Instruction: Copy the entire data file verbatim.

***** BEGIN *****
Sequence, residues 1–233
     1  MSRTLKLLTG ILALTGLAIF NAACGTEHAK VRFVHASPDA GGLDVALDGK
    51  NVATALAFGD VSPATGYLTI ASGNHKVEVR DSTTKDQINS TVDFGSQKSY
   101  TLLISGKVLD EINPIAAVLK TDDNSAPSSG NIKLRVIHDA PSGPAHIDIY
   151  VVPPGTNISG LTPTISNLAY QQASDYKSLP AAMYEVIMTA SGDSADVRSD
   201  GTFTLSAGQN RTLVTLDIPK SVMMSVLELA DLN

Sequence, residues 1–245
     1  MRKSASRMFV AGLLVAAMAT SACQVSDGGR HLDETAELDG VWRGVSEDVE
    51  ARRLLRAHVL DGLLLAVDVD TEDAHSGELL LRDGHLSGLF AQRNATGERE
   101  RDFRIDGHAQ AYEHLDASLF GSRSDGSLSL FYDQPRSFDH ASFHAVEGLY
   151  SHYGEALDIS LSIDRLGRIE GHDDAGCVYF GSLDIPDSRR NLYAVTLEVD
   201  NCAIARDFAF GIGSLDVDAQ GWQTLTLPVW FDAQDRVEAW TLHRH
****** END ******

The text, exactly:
Sequence, residues 1–233
     1  MSRTLKLLTG ILALTGLAIF NAACGTEHAK VRFVHASPDA GGLDVALDGK
    51  NVATALAFGD VSPATGYLTI ASGNHKVEVR DSTTKDQINS TVDFGSQKSY
   101  TLLISGKVLD EINPIAAVLK TDDNSAPSSG NIKLRVIHDA PSGPAHIDIY
   151  VVPPGTNISG LTPTISNLAY QQASDYKSLP AAMYEVIMTA SGDSADVRSD
   201  GTFTLSAGQN RTLVTLDIPK SVMMSVLELA DLN

Sequence, residues 1–245
     1  MRKSASRMFV AGLLVAAMAT SACQVSDGGR HLDETAELDG VWRGVSEDVE
    51  ARRLLRAHVL DGLLLAVDVD TEDAHSGELL LRDGHLSGLF AQRNATGERE
   101  RDFRIDGHAQ AYEHLDASLF GSRSDGSLSL FYDQPRSFDH ASFHAVEGLY
   151  SHYGEALDIS LSIDRLGRIE GHDDAGCVYF GSLDIPDSRR NLYAVTLEVD
   201  NCAIARDFAF GIGSLDVDAQ GWQTLTLPVW FDAQDRVEAW TLHRH